To my knowledge, it’s difficult to find much about the more passive supporters of fascist movements, the great bulk of them. This is an important question because the foremost fascist party in history, the Nazi Party, came to power through largely constitutional means. Many ordinary Germans who were probably nice people supported it. It’s difficult to think about it because of so many movies but initially, supporters of fascism are sweet-faced and pure-hearted. It seems to me many Hitler and Mussolini supporters were hoodwinked, in part because they were too lazy to think of the consequences of their choices.

To make a long story short, the Nazis won the largest number of votes in a regular election, assumed government power and proceeded to eliminate democratic rule. Nazism was brought to power by the naivety of some and by the passivity of others. Mussolini’s Fascist Party seized power with considerable popular support. The short-lived but devastating French version of fascism, was formulated and led by a general and war hero to whom the democratically elected representatives of the Republic handed power willingly.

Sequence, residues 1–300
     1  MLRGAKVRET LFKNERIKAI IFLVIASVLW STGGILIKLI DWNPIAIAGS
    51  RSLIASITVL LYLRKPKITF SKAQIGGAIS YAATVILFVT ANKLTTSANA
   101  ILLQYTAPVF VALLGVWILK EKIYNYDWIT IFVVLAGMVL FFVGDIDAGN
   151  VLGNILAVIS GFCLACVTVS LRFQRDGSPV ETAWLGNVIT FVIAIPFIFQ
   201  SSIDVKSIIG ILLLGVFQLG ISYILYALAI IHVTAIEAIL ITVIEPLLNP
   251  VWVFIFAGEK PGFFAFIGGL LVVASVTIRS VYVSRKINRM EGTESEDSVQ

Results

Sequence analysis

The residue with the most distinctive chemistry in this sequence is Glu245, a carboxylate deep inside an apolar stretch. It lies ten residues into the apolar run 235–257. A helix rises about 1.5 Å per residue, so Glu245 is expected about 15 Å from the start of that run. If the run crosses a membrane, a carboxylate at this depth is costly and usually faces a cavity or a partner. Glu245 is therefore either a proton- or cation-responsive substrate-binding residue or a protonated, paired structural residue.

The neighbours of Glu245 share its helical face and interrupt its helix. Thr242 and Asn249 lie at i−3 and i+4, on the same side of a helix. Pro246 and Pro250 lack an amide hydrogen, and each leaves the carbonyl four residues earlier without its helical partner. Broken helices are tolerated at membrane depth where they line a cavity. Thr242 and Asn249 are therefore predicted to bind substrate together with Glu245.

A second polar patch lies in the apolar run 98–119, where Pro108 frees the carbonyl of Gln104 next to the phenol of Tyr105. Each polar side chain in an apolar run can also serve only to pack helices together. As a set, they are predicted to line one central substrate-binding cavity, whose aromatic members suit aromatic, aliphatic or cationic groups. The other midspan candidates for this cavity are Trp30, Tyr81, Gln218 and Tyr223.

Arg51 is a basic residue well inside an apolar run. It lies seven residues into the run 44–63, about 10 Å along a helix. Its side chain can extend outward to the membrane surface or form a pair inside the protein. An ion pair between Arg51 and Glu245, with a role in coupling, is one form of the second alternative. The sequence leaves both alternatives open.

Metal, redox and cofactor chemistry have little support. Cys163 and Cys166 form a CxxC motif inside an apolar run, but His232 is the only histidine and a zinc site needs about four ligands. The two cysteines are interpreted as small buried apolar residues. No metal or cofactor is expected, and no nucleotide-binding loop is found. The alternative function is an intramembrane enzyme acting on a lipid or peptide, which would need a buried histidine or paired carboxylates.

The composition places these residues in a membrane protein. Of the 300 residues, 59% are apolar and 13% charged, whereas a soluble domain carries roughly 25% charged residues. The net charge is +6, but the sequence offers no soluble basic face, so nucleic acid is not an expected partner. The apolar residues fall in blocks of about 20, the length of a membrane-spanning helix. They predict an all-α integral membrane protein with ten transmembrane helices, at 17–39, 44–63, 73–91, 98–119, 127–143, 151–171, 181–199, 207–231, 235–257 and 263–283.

The less known, less flamboyant, but much longer-lasting Portuguese brand of fascism was invented by a mild-mannered Professor of Economics. Although he was installed after a military coup, Salazar was for practical purposes, little opposed by Portuguese civil society for most of his rule. He led Portugal to the lowest economic rank in Europe, pretty much to Third World status. Similarly, fascist movements came to power mostly peacefully in Hungary and in Romania in the late thirties and early forties. After WWII, General Perón of Argentina implemented a successful fascist program with the assent of the broad mass of Argentineans. He was able to pull it off twice. He left the country in a shamble from which it has not recovered, thirty years later.

The Islamic Republic of Iran is a conventional fascist state installed originally by a broad mass movement. It has limited political representation. Economically, it conforms faithfully to the historical fascist experience of initial success followed by a continuous descent into poverty. This, in spite of massive oil revenues. Its apparatus of repression includes draconian laws, summary arrests, trials without protection for the accused, capital punishment for a broad range of non-homicidal offenses, and prison murders. It looks completely familiar though the repression is done in the name of religion.